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Thread: woodworking as a business, profit margins?????

  1. #1
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    woodworking as a business, profit margins?????

    well this isnt really a question but a observation i had last friday..

    i have a quilt rack that was asked to be made for a customer.
    priced the materials, got a approx time to make it and then asked for a second opinion on pricing..chkd on line to see what the market was and made a decision on cost..

    now here is the question.. it would cost approximatly 30 dollars for materials and the assembly time is around 6-8hrs finished..for a price of 150 -175 depending on wood and styling.. so that breaks down to around 20 dollars a hour and that doesnt take into consideration overhead on a shop to manufacture it..

    yet in other types of business, like printing for instance a simple 2 color letter head and a run of 3000 pieces would cast around 200 dollars with a material cost of say 30 dollars which is high and total time to do this job is a hour..so that relates to 170 dollars per hour..that is great wages but not much skill needed just load paper and add ink and turn on a switch and watch for registration movements...

    now after this comparison, look at your job that you do and see how it compares to the dollars per hour you can get and ask ourselves why is woodworking not profitable????
    you have to love the craft to make it worth while in my eyes because it doesnt seem to pay the bills very well in my world at least..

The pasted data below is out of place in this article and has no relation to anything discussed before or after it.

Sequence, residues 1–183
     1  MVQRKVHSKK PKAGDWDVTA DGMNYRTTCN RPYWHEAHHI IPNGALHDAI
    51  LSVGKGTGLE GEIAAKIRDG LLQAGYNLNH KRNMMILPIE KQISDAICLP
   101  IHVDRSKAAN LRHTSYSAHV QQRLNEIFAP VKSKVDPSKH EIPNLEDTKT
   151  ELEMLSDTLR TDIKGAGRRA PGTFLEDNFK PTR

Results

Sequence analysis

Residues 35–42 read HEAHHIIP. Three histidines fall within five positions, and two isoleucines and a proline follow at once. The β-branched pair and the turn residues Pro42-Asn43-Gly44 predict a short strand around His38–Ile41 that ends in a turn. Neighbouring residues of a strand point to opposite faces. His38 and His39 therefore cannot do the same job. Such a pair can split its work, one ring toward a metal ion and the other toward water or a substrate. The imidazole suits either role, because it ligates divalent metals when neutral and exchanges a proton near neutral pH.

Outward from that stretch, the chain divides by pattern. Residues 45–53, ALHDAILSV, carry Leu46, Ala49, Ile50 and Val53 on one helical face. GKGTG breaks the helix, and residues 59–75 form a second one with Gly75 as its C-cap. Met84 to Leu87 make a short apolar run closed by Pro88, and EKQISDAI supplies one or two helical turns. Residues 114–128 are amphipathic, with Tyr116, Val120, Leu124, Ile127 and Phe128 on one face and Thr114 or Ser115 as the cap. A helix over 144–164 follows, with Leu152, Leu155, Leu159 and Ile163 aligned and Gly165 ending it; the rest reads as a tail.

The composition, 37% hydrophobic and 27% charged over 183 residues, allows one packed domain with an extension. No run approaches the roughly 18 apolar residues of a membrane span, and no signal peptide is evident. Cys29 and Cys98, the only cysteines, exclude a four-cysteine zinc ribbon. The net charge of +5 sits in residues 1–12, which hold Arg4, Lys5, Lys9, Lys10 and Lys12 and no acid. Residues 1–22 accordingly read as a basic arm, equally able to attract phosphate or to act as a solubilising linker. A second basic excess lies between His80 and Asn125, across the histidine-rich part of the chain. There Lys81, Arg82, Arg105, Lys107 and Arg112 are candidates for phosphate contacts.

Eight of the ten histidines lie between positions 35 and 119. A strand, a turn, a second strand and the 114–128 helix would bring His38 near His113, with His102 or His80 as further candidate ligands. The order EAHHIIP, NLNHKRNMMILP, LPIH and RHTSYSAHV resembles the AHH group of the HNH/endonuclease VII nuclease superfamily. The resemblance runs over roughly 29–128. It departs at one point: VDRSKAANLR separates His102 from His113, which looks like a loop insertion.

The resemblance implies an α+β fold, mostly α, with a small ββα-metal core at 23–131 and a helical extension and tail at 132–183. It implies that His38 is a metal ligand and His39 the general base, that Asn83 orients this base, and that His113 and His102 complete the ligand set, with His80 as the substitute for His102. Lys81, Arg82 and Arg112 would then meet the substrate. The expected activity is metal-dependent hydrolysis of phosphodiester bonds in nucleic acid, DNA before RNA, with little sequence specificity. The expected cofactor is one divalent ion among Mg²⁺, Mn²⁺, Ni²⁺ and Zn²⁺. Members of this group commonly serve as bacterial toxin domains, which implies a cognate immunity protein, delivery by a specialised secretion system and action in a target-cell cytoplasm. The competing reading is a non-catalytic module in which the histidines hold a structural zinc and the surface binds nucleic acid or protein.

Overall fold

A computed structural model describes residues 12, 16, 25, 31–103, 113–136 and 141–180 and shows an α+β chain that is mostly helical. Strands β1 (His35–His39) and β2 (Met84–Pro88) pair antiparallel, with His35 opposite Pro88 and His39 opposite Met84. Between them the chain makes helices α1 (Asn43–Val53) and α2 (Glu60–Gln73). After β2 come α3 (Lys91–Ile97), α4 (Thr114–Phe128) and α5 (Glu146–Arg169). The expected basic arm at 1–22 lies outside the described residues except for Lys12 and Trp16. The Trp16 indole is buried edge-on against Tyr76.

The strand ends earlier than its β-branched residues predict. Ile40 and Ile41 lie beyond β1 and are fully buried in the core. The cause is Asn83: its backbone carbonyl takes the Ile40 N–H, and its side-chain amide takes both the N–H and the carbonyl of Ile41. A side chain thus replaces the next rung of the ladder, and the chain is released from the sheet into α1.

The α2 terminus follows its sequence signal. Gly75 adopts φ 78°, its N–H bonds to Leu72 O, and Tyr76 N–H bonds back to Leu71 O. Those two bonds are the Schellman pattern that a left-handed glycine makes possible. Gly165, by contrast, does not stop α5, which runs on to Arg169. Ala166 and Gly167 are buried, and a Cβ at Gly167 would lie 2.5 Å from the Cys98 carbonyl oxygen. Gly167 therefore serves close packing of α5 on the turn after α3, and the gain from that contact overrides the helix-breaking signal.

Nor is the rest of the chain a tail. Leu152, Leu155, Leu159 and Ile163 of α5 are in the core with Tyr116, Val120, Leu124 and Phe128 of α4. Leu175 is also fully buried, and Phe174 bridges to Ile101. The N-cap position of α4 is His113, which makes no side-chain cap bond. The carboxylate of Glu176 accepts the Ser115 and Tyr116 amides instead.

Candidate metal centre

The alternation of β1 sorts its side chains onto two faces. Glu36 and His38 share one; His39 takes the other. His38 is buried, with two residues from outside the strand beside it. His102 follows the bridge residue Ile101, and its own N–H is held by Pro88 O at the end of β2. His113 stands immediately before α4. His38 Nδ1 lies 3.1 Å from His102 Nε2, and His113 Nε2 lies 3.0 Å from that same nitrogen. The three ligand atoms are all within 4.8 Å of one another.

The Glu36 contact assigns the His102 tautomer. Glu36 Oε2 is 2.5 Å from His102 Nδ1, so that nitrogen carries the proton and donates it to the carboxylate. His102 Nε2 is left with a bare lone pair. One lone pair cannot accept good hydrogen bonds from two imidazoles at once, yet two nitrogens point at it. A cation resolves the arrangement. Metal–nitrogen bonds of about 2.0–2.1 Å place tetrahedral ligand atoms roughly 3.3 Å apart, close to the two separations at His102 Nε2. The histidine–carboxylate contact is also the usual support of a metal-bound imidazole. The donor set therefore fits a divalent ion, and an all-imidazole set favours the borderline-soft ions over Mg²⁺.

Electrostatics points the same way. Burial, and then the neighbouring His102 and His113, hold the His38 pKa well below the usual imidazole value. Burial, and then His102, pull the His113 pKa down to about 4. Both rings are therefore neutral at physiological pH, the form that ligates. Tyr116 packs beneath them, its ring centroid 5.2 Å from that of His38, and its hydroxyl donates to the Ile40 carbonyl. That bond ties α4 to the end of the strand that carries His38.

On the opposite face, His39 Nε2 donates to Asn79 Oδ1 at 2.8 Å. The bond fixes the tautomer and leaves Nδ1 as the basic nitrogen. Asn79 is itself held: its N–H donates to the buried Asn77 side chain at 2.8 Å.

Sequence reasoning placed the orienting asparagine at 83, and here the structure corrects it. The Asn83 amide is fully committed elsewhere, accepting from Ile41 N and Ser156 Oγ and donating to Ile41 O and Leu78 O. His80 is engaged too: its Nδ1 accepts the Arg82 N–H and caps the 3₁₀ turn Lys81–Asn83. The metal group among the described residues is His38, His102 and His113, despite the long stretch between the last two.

so how things should be different those that do this and are tryun to make a living at it must have some different methods or feel they can live on less and enjoy there lively hood. so what say yee,, what am i missing here???
    If in Doubt, Build it Stout!
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  2. #2
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    What you are asking really isn't a factor in my house as I don't make a living from my woodworking and do it mostly for the joy of the task. Another factor to be considered though is how many of the $170 per hour jobs do you get vs how many $20 per hour jobs... If you get $20 per hour for an 8 hour day vs only one $170 per hour job, you will essentially earn the same income (more or less)... I know you said it takes 6-8 hours to complete the quilt rack, but all of that time isn't spent in working directly on the QR... you have to allow for finish to cure, glue to set, etc... so part of the work time could be spent on other things. Example, this weekend I sold a bowl for $90... the actual turning time on the bowl was about an hour... the finish time was over a period of 10-20 days (it probably took 5 minutes to wipe on each coat of finish and there is probably 10-15 coats)... the wood was free wood I only had to drive a short ways to pick up and cut into bowl blanks... my only cost was 4 or 5 gallons of gasoline and my finish products... plus I picked up a total of a small pickup load of the wood at the same time.... in the meantime, I was working a number of other projects and had several pieces being finished at the same time....what would my price/labor per hour be?
    Last edited by Chuck Ellis; 08-23-2010 at 12:48 PM.
    Chuck